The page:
Lionel Shriver is wrong

It was with a level of incredulity that I read the comments by Lionel Shriver over the weekend about the inclusivity agenda being championed by Penguin Random House. For those who know me, I spent the best part of 9 years in the business and would like to think that I was in some way responsible for the creation and direction of many of the approaches – not least the removal of the requirement to have a degree.

Shriver, writing in The Spectator, presents a shambolic and intellectually inarticulate assessment of the work that is being done, summarised by the BBC article here.

Anyone who has ever tried to champion inclusion will tell you that these arguments are nothing new. But they are almost always entirely articulated by those in positions of power. I have yet to hear from an underrepresented group who says, “do nothing, the best people are already in place”. And in a sense, that is the first major challenge that you  face.

In changing any system to be more inclusive and diverse, you are ultimately dependent on those in power to cede their right to that position and to change the system that has perpetuated their dominance. That’s why social mobility has been so hard to tackle, because in many ways you’re asking the rich wealthy and powerful to make things a little harder for generations of their family to come.

The aim of our work, wherever we are and whatever we are doing, is to make the world of work fairer and more transparent. We have to do everything we can to ensure that the best succeed, regardless of their background. That’s what inclusion is about and to suggest in any way it is dumbing down is insulting, ill-informed and naive. The system in which we operate is unintentionally rigged towards certain groups and certain backgrounds and all we are doing is unpicking that bias.

As a note of caution, we do have to be careful to ensure the work that we do remains true to that goal – to allow the best to succeed. Diversity and inclusion programmes that become tokenistic displays of good intention are as unhelpful as the problem they are trying to solve. Where Shriver is right is to call out the risk of losing focus on the real change that needs to be made, increasing fairness and allowing potential to shine, on pretty much everything else she is wrong and woefully out of touch.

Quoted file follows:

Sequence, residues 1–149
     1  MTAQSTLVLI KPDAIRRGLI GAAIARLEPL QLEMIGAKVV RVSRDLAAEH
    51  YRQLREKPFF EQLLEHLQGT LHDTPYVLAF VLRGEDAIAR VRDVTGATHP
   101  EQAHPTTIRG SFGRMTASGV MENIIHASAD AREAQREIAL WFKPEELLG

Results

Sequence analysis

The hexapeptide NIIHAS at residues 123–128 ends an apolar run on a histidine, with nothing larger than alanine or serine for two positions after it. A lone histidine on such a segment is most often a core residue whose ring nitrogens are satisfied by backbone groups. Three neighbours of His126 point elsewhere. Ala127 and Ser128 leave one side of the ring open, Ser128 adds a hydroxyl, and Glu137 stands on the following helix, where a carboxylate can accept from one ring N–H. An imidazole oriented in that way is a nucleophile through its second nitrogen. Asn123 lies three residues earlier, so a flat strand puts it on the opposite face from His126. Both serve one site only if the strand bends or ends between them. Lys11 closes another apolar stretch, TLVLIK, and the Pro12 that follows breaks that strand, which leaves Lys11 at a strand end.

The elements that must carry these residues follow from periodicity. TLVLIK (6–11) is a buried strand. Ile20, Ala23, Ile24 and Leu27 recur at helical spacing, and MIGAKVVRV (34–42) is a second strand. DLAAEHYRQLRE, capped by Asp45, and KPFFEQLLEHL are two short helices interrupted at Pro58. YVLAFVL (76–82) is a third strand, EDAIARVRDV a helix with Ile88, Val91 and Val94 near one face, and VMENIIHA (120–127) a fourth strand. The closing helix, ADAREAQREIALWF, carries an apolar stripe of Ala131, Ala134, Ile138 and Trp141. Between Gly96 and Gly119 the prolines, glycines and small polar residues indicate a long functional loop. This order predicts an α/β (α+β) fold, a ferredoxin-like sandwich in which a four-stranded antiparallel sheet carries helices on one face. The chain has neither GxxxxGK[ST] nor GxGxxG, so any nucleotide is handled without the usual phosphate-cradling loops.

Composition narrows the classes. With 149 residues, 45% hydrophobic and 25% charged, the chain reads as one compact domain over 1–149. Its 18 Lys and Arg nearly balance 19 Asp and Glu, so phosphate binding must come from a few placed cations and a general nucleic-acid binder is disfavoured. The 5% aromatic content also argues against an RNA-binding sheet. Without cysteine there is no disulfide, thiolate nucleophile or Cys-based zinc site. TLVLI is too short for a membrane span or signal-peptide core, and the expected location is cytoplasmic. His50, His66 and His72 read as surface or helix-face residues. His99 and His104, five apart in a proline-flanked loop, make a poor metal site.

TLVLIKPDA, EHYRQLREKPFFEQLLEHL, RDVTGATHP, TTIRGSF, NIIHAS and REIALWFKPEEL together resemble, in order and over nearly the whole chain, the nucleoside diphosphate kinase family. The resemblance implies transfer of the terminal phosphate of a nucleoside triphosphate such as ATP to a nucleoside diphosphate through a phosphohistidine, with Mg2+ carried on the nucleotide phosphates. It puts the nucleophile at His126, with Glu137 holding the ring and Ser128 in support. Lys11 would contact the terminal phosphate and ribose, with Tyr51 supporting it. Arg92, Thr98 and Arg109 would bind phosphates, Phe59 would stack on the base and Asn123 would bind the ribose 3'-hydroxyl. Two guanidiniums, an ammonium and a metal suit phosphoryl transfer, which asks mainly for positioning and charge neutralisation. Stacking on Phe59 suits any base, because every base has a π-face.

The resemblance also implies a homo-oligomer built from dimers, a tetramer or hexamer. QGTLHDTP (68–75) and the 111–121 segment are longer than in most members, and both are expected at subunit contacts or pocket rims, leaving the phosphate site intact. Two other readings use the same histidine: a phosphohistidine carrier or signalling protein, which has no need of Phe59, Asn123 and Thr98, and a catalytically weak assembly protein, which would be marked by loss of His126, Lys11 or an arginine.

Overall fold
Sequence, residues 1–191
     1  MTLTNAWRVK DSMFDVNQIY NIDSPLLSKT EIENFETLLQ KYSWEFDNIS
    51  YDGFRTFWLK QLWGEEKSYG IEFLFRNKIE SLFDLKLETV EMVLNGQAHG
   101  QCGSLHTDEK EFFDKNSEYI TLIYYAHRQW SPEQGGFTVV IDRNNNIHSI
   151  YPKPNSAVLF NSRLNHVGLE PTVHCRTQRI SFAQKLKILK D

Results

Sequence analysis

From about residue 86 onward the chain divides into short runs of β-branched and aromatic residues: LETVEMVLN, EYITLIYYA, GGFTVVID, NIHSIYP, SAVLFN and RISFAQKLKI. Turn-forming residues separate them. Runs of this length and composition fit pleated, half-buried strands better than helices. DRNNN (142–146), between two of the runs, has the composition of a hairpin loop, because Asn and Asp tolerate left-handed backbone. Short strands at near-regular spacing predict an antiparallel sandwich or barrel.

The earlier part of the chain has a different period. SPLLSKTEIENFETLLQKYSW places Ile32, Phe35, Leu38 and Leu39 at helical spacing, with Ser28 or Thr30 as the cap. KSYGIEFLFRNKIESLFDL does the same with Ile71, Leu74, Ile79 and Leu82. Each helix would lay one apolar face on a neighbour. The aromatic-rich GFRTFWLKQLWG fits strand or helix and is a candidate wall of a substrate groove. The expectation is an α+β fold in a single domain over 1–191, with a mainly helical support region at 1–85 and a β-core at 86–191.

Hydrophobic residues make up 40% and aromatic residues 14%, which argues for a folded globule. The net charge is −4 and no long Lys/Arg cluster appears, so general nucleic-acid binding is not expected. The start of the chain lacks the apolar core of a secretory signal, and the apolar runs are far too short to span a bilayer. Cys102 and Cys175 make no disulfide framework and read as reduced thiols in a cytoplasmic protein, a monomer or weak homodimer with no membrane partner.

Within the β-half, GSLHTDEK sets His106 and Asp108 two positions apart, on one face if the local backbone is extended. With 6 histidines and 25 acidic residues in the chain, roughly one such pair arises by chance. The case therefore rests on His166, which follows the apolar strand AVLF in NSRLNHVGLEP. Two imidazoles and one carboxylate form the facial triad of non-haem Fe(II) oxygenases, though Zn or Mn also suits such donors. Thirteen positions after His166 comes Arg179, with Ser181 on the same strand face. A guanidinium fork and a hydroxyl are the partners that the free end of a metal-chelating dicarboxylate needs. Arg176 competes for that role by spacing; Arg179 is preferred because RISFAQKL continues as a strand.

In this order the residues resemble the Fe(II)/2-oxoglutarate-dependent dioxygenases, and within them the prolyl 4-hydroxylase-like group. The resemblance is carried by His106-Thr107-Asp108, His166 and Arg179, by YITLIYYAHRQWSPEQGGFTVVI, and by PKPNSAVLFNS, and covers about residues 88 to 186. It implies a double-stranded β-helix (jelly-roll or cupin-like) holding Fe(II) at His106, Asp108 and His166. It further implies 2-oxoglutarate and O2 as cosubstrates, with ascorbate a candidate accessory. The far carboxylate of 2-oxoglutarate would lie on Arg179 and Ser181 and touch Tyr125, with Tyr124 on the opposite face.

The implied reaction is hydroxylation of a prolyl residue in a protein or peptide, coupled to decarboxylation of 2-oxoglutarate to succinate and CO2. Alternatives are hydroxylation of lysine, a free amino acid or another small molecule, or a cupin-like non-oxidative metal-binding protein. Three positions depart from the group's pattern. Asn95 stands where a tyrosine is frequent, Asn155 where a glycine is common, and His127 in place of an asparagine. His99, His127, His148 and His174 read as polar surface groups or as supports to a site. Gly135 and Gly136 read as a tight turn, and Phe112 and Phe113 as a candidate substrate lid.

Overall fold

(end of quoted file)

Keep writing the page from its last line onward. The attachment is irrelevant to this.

Barrels of water & impenetrable cultures

In Tours in France, there is a beautiful medieval square called the Place Plumereau, now the home to multiple bars and restaurants. As a thriving spot, it offers employment opportunities, pouring drinks, serving tables, preparing food. The employees get to know one another, many of them working there for years and forming tight bonds. It is also the place a lot of young, and often needy, people go to get their first job.

Anyone who has ever learnt to work behind a bar knows that, regardless of how much time you’ve spent on the other side, it takes a little time to get to know the ropes. The disorientation, vulnerability and willingness that comes with learning , allows the experienced to test the new comers.

As the bars start to fill in the early evening and the customers start to line up, one of the experienced staff will turn to a new starter and declare that they’re all going to be in trouble, there’s a real problem, they’ve run out of water. Could they go and see whether one of the other bars will loan them a barrel of water?

The quickly go to the first bar, but unfortunately they’ve also run out, they suggest the next one to try. But again, no luck, they have just enough for the evening. The poor new employee, getting increasingly panicked and red in the face is sent from pillar to post, from bar to bar with a promise that if they just try one more, they’ll surely find the answer there.

And of course, there are no barrels of water. The water comes out of the taps in the same way that it does in their home. The victim is part of an initiation, a joke that is played, in one variation or another, on countless employees trying to show willing just to “fit in”.

This is a simple manifestation of the impenetrable culture that exists in so many of our organisations. Where we challenge people to complete pointless tasks to demonstrate their commitment to and compatibility with the organisation. At the worst extremes it is expressed by borderline discriminatory behaviour, but more usually by more benign, but equally thoughtless behaviour designed to test “fit”.

No matter how hard the individual tries, no matter the efforts that they put in, the end only comes when one of the established decides they’ve shown enough to end the game and allow the individual to join the ranks, or instead they become so frustrated and despondent that they decide to leave – regardless of the cost to themselves.